During the year, NSIA introduced the NSIA Prize for Innovation (NPI) as a measure to stimulate the ingenuity of Nigerian innovators and technopreneurs to develop solutions that address real-world challenges with global application. The NPI programme is a business enhancement initiative to support early-stage, growth-driven tech solutions through education, mentorship, and financing.

The programme aims to catalyse the growth of the Nigerian technology ecosystem by identifying budding innovators, enhancing their capabilities, and providing a platform to scale their solutions globally.

Gas industrialisation

Multi-purpose industrial platforms project: Under its gas industrialisation initiative, the Authority and its partner, OCP Group of Morocco, made significant progress in the development of the 1.5 million metric tons of ammonia and di-ammonium phosphate production plants due to be cited in Akwa Ibom State.

The development of the project has reached an advanced stage, with all preliminary studies concluded. The gas supply and aggregation agreement is being finalised with relevant parties, and financing is largely in place to ensure the delivery of the project.

Toll roads

In the 2022 financial year, NSIA continued its development of various projects under the Presidential Infrastructure Development Fund (PIDF), namely the Lagos-Ibadan Expressway (LIE), Second Niger Bridge (2NB), and Abuja-Kaduna-Kano Highway (AKR).

These projects have reached advanced stages of construction, building on the successes of the 2021 financial year. The initial scope of the AKR was completed, and significant progress was achieved on the 2NB and LIE.


NSIA has kicked off the roll-out of phase two of its healthcare projects on the successes of the LUTH Cancer Centre and its two diagnostic centres in Kano and Umuahia. During the year, the Authority secured approval and began developing 23 new modern medical diagnostic centers of excellence which will span across all six geopolitical zones in the country. Presently, two Oncology centres are located in Enugu and Kaduna states, and six Cath Labs have advanced to the project execution stage.

On another note, NSIA has incorporated an equipment leasing company, Equilease. This is in fulfilment of NSIA’s commitment to bridge notable voids in the domestic healthcare value chain. Equilease was conceived to stimulate the proliferation of high-quality medical infrastructure in Nigeria by providing alternative financing options for acquiring critical medical equipment via equipment leasing.


NSIA completed the 10MW Haske solar power plant in Kano in 2022 as its flagship renewable energy sector project. The power plant was developed on behalf of the Federal government and its subnational co-investors to provide off-grid electricity in the Kumbotso Local Government of Kano State.

Future Generations Fund (FGF)

For the FGF NSIA’s stated that its approach was centered on generating healthy risk-adjusted returns, cautiously increasing market exposure, and growing the tactical allocation portfolio (ETFs) within the year. Overall, the Authority’s portfolio delivered a return of 1.87 percent (in US$ terms) for the year ended 2022.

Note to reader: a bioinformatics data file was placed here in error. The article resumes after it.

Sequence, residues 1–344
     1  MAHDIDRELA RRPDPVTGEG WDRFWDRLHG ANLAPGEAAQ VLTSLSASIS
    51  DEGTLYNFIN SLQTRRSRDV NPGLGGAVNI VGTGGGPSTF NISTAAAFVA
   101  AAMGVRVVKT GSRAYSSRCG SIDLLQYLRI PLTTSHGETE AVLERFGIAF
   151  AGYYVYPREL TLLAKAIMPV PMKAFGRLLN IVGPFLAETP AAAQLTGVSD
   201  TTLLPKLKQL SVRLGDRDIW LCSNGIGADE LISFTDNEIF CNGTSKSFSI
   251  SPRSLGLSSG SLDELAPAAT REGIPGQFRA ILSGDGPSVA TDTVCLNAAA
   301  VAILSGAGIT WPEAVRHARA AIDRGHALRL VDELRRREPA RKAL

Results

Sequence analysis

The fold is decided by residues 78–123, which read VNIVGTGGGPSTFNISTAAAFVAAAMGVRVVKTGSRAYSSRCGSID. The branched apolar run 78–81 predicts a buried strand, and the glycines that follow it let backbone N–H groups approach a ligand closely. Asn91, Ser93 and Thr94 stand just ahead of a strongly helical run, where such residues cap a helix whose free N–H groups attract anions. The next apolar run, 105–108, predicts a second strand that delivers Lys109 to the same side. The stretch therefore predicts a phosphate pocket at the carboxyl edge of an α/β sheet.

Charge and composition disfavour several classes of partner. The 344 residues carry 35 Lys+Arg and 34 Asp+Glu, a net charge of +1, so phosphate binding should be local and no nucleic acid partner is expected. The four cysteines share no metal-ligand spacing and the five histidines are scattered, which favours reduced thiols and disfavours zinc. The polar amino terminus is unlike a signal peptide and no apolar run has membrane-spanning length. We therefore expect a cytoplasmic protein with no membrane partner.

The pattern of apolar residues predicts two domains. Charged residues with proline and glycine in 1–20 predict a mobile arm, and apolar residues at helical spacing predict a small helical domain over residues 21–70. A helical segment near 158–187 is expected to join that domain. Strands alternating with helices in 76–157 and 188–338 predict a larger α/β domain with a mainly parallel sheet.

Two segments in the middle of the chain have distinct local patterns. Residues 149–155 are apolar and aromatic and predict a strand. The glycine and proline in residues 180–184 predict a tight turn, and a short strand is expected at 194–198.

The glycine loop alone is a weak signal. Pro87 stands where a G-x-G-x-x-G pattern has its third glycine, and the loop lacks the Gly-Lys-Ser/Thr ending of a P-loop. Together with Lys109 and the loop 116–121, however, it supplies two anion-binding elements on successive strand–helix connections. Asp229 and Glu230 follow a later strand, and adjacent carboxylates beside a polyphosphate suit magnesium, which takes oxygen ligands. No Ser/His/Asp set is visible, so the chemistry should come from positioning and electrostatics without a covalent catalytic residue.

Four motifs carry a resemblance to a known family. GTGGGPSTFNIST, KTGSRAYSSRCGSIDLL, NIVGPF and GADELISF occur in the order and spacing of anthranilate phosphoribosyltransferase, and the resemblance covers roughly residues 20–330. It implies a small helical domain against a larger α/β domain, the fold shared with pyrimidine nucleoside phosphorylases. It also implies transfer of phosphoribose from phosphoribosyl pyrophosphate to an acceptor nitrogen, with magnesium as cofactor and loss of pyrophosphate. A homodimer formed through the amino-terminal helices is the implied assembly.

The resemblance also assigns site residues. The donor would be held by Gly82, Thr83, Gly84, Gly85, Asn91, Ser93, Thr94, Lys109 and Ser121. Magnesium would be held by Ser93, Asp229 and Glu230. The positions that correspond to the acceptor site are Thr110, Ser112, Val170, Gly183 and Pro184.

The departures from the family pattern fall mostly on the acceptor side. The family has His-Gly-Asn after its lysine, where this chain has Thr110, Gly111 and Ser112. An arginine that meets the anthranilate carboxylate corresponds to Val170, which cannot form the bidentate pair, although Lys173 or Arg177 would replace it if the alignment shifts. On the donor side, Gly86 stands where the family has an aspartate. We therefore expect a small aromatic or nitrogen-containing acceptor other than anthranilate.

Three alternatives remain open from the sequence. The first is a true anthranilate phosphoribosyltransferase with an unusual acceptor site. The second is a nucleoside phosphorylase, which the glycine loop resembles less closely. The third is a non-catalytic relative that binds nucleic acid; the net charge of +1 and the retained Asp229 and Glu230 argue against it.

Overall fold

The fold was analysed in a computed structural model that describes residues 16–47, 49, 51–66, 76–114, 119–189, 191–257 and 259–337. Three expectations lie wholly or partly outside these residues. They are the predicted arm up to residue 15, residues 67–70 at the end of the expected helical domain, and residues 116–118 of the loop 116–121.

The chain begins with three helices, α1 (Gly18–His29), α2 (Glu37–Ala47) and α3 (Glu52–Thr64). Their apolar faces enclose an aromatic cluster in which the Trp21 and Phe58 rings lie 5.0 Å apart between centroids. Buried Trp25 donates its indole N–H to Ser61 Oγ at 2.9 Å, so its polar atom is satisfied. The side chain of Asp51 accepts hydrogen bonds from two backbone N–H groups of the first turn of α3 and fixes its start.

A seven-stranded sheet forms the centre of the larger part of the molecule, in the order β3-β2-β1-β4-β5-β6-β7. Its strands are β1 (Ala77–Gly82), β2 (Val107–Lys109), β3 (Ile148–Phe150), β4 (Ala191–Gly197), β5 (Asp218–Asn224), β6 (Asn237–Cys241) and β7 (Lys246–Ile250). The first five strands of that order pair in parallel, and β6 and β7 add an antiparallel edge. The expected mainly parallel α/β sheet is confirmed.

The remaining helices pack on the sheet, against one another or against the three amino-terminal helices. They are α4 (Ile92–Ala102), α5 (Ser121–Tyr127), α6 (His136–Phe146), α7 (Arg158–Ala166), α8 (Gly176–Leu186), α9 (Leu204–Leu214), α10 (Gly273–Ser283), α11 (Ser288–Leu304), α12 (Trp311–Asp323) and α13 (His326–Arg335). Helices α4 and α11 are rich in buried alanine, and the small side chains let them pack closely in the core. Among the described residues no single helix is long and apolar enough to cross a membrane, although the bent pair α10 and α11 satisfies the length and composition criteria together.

The Future Generations Fund outperformed its sovereign wealth funds peers by 10 percent on average, with private equity being the top-performing sector. Developed equity, hedge funds, and emerging long-only equity posted a decline in the year due to prevailing macroeconomic market conditions.

Stabilisation Fund (SF)

For this SF, the Authority said that it is largely invested in the U.S.’s sovereign debt instruments and Investment Grade Corporate Credit. It added that at the end of December 2022, approximately 30 percent of the fund was invested in a portfolio of U.S. treasury bonds tracking the Bloomberg Barclays U.S. Treasury bond 1–3-year index. The fund returned 4.08 percent (in US$ terms) for the year.


In the 2022 financial year, Uche Orji, the pioneer MD/CEO, completed his second and final tenure on September 30, 2022, and a new executive management team led by Aminu Umar-Sadiq was appointed by President Muhammadu Buhari in October of 2022. Two other executive directors, Kola Owodunni and Olubisi Makoju were appointed to the Board of NSIA.

This internal sourcing of the new executives underscores the depth of the succession plan and the bench strength of NSIA.

Looking forward, the Authority said it remains committed to managing Nigeria’s sovereign wealth fund in a transparent, accountable, and competent manner.

The Authority’s solid foundation, seasoned staff, and diverse portfolio will enable it to overcome any obstacles and provide long-term value to its stakeholders.

It said that 2023 will be an equally challenging investment period due to the lingering effects of the Russia-Ukraine conflict, the activities of central banks of developed economies in curtailing inflation, and deglobalisation challenges.

It added that the focus on ESG, sustainability and climate finance will play a vital role in its investment approach and strategy going forward.

The NSIA said it will continue to drive direct investments in its core areas of healthcare, toll roads, gas industralisation, technology, ESG, financial markets infrastructure, toll roads, power and agriculture.